“On 21 of August 2013, I woke up at about 2 AM to the sounds of ambulances and screams of panic and horror coming from the emergency department in the field hospital where my work was.
I rushed to the emergency department to find dozens of children, men and women lying on the ground in a pool of water as if they were asleep. I did not realize what had happened. One of my colleagues put his hand on my shoulder to tell me that it was a chemical attack by al Assad regime. I looked at him silently, not believing what he said.
Yes, I saw warplanes ripping civilians off in the markets and I got used to it. I saw children with dirt filling their mouths and noses after being pulled from under the rubble, and I got used to it, but what am I witnessing now? Ambulances did not stop bringing people as if they were sleeping, foam from their mouths and noses, shaking like chickens on the ground, some of them taking off their clothes hysterically.
“Well, I’m the doctor and I have to act”, I told myself. Frankly, I did not know where to start or how to walk. The entrance to the emergency rooms was paved with dead bodies, I needed to check my foot place so I would not trample on anyone. I walked crying oh God! Oh God, I felt chills and was terrified. They were washing everyone with water. I was walking, astonished, when a person grabbed my hand and cried asking me to see his daughter, who looked steeped in a beautiful dream. I examined her but she was dead. I saw only foam coming out of her mouth. There were no wounds or bruises on the body. The heart and lungs stopped working. I did not have the time to tell her father that she had passed away, as another man pulled me to see his wife who had also died! This continued with a third, fourth and fifth body, I do not remember. I saw someone moving. I managed to reach him by jumping between the bodies. He was still alive, but he started to lose consciousness, and his breathing slowed down. I called one of the nurses. We inserted an air tube into his lungs. There was something that paralyzes the breathing muscles. “Give him Atropine” I told the nurse. The nurses began giving Atropine to everyone, but in vain. It was huge mess.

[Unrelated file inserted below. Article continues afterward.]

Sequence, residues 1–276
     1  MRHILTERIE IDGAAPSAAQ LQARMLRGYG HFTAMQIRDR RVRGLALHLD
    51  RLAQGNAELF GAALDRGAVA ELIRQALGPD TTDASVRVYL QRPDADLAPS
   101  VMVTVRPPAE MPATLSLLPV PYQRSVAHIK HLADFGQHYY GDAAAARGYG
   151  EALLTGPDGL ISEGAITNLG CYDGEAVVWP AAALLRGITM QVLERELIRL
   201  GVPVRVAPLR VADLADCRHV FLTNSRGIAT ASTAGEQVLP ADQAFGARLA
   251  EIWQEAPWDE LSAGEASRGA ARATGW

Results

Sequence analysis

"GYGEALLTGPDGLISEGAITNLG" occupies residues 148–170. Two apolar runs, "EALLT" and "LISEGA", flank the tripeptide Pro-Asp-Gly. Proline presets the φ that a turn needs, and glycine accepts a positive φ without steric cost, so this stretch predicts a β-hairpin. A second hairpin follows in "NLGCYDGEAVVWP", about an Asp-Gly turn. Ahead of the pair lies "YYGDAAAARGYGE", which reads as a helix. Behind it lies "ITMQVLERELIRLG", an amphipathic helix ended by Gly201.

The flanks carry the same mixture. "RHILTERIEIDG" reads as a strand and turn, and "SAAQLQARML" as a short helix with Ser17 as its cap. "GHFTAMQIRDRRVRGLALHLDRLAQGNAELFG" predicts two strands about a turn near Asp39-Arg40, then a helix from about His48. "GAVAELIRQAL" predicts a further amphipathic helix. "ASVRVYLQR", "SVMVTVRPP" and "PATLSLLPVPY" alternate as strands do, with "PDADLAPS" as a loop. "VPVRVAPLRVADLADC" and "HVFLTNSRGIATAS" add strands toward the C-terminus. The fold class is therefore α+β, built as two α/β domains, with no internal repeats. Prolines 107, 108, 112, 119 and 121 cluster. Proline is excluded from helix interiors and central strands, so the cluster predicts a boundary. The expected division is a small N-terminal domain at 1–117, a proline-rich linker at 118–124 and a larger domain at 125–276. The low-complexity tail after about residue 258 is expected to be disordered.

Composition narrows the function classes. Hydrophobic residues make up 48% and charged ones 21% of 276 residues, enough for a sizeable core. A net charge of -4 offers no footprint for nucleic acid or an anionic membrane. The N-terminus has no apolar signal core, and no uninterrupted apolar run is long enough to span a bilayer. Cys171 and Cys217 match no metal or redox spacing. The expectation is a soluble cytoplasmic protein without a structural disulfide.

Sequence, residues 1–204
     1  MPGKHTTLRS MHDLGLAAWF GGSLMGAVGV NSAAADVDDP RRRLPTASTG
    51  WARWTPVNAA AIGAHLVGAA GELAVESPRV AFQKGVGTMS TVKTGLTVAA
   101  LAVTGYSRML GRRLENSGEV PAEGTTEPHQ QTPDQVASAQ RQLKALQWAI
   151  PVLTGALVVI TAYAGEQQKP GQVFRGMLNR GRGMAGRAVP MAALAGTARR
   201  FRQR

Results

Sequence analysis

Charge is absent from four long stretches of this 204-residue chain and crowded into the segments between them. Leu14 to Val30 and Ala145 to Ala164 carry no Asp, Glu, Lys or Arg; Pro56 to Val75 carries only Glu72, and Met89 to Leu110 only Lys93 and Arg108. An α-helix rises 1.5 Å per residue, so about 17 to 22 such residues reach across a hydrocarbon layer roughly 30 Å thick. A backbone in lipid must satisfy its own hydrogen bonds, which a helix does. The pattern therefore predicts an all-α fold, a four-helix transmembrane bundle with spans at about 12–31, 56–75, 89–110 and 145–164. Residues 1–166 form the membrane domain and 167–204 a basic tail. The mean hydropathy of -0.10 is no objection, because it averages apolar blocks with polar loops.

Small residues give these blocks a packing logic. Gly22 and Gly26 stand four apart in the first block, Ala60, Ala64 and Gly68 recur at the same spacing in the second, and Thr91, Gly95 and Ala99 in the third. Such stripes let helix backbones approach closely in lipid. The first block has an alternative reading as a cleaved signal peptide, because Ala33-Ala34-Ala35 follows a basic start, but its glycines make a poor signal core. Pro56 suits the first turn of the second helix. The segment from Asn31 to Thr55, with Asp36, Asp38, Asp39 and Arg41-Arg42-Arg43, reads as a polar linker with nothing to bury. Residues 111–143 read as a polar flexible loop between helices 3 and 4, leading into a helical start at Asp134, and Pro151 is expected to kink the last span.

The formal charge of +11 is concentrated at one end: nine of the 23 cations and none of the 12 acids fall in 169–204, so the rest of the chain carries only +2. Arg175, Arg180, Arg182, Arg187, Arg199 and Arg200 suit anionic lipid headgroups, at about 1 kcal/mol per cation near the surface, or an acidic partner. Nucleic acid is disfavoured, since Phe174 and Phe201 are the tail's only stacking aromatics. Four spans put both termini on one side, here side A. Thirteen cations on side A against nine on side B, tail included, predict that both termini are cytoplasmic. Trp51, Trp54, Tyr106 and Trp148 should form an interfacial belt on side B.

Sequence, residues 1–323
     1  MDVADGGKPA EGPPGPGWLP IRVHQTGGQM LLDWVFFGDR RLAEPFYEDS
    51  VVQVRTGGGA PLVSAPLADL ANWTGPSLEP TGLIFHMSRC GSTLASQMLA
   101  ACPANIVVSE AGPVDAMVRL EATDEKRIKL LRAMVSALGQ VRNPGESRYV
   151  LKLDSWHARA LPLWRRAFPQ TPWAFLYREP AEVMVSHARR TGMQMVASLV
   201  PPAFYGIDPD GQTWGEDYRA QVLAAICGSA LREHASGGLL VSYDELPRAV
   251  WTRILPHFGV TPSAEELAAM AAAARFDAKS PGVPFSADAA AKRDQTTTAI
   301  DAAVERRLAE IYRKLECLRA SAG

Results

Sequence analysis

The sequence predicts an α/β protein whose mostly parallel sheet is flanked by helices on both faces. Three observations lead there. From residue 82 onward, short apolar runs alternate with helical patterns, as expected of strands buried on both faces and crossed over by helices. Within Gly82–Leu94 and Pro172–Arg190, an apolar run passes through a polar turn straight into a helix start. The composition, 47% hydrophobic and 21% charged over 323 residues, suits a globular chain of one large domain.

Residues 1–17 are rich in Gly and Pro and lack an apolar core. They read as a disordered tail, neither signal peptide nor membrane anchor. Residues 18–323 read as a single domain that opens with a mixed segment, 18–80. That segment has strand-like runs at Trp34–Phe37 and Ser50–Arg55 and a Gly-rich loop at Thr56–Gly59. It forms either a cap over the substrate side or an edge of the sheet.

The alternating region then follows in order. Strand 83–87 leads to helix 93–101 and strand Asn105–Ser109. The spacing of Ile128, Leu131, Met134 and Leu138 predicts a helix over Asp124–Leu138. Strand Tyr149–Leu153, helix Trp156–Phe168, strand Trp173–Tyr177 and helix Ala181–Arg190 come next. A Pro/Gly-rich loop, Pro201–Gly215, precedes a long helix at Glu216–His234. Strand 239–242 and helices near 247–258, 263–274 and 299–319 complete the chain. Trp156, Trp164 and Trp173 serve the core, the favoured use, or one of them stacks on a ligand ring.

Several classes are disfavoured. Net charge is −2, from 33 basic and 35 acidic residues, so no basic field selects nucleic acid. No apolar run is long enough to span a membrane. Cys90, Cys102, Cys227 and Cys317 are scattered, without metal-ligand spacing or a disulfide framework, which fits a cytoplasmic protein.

“We have to organize our efforts” I shouted, and started to act in an organized way. With nurses and paramedics, I began to sort out the cases. “Take the martyrs to the nearby orchard” I told them. We put the martyrs, including children, together and gave them numbers (they became mere numbers), and photographed them. As for the living persons, I gave instructions to treat them with what we have (atropine, intubation, resuscitation). I was pessimistic, I knew that atropine we had was not enough, and there were dozens of people who needed it, but there were no capacity to receive all those numbers. We also did not know exactly what we were facing? We were never in control, we were just comforting this and that.
The dawn came and we were still working. Someone shook my shoulder: “They need you in the operating room”. I stayed until the next day there. It was not enough for the regime to spread its poison in the air, but also continued with missiles and rockets to shed more blood.
I finished my work and rushed to watch the television, “what do they say”? Eastern Ghouta was attacked by chemical weapons, they will absolutely send experts to confirm this. “Well! I will tell them everything I saw, in a precise scientific way.” But no one came. We were exposed after that to many other attacks, and I did not see anyone.
On 31.03.2018, I left Eastern #Ghouta, displaced to #Idlib, and I am still waiting for someone from the #UnitedNations to ask me about what had happened that day.”
Dr.Isam (Aliace). A doctor who treated injuries from Ghouta 2013 chemical attack